Thursday, December 20, 2007

Rock fishing safety

In Australia (and probably other places as well) people are killed every year rock fishing in dangerous conditions. We can limit these tragedies by following some simple safety rules:

Thanks for the NSW department of primary industries for these great safety tips.

  • Never fish by yourself: fish in a group of at least three people and within sight of each other. If someone is washed in, one person can stay and help while the other alerts emergency services.
  • Inform others of your plans: always let friends or family know where you are going and when you will be back.
  • Wear light clothing: light clothing such as shorts and a spray jacket will let you swim easily if you are washed in. Jumpers may be heavy and difficult to take off.
  • Wear appropriate footwear: cleats, sandals and sandshoes with non slip soles suit different surfaces. Use the appropriate shoes for the conditions.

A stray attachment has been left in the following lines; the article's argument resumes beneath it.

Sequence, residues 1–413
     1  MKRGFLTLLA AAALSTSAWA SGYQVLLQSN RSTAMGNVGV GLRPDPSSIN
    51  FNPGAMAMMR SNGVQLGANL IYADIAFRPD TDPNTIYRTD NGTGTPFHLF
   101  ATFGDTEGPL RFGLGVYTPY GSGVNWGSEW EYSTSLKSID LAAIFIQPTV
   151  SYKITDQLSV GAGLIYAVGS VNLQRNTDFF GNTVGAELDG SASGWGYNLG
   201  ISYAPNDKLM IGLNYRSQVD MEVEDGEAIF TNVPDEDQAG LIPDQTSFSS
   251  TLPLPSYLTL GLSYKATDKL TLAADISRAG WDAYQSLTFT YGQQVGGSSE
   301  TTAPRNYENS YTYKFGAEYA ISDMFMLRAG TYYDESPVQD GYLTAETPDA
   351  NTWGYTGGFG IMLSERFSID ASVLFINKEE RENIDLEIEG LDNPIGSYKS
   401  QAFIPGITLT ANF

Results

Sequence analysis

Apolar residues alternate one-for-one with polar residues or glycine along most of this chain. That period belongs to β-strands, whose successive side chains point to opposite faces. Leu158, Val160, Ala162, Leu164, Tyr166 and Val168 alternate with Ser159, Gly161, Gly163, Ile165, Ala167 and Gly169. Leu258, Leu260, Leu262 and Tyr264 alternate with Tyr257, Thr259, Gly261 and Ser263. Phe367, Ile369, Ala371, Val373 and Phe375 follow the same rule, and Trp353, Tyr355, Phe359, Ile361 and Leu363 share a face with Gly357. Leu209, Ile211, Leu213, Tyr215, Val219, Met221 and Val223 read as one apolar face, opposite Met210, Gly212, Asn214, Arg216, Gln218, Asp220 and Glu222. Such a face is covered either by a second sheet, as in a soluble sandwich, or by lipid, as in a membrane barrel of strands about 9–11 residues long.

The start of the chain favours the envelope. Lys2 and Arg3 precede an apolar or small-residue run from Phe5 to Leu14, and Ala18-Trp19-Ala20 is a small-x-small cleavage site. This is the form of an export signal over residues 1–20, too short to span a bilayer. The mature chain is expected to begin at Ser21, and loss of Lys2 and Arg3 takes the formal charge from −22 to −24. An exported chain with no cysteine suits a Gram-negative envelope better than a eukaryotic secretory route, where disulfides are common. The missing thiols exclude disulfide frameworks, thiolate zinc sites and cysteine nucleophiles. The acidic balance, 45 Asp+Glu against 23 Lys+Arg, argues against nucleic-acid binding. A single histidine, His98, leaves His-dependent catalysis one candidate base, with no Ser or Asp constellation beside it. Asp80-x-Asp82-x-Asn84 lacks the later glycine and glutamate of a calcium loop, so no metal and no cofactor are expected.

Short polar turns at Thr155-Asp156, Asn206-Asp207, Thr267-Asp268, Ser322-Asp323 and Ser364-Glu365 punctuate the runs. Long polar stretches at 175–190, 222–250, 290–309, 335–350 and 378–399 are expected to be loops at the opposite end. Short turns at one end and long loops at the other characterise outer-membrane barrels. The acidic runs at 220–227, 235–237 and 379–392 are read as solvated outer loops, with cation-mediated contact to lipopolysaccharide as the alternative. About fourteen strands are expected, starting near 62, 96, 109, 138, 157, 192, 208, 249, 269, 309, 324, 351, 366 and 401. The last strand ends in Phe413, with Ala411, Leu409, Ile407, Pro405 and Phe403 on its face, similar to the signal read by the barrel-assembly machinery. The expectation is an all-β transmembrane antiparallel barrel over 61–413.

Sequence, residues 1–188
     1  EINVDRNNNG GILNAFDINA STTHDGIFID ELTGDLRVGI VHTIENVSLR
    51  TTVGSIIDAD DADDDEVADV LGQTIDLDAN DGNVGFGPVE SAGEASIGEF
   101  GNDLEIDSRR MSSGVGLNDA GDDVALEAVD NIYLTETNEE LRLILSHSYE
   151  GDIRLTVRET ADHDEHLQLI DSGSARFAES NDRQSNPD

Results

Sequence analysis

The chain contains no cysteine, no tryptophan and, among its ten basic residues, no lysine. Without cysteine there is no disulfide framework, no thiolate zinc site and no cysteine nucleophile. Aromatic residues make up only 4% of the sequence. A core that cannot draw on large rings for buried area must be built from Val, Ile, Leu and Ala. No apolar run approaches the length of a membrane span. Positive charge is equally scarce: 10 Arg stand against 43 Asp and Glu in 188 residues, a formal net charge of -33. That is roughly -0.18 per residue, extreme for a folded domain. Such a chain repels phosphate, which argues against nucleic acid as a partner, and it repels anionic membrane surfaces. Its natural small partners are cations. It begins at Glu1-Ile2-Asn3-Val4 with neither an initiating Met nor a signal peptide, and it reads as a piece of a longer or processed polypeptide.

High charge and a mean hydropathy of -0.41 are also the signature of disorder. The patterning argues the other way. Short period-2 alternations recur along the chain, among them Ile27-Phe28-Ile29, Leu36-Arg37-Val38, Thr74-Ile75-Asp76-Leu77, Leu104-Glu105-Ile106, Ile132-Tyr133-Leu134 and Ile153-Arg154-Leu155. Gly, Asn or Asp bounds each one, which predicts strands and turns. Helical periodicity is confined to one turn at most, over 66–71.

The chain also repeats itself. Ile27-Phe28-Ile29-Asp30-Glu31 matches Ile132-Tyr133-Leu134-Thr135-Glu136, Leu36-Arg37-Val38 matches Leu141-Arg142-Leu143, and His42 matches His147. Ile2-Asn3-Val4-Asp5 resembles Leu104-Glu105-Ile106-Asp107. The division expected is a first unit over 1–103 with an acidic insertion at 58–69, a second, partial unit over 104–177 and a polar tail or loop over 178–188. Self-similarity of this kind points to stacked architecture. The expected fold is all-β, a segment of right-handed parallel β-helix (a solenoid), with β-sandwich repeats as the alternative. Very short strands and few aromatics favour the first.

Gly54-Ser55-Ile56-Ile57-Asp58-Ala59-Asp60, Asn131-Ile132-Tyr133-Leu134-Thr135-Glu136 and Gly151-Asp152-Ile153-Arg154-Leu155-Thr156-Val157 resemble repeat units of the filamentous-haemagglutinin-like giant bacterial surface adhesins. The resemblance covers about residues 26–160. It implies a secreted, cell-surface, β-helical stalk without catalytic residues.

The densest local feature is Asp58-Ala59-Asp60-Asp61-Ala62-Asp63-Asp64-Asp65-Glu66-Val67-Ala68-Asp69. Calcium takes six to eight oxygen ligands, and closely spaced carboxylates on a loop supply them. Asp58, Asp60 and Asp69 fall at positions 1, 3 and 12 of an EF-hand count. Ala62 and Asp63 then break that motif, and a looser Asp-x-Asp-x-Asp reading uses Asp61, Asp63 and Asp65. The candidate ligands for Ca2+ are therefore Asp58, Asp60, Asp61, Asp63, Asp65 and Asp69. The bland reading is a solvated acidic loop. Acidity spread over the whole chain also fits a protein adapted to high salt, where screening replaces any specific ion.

• Fisher wearing a life jacket

    Fisher wearing a life jacket

  • Carry safety gear: wear a life jacket or buoyancy vest. Also bring something buoyant that can be easily thrown and held onto, to help you stay afloat. Carry ropes and torches.
  • Never fish in exposed areas during rough or large seas: make sure you are aware of local weather, swell and tidal conditions before going fishing. Listen to weather forecasts or call a weather information line. Be aware that conditions may change dramatically in a short period of time.
  • Observe first, fish later: spend some time (at least 30 minutes) watching your intended spot before fishing to get an idea of the conditions over a full swell/wave cycle. Wave conditions can get worse as the tide changes - you should know whether the tides are high or low and coming in or going out.
  • Plan an escape route in case you are washed in: stay calm - If you are washed in, swim away from the rocks and look for a safe place to come ashore or stay afloat and wait for help to arrive.
  • Stay alert. Don't ever turn your back on the sea: if the waves, weather or swell threaten your fishing spot then leave immediately.
  • Ask for advice from locals who know the area: they can advise you of good, safe fishing locations.


Marlene said...

Interesting to know.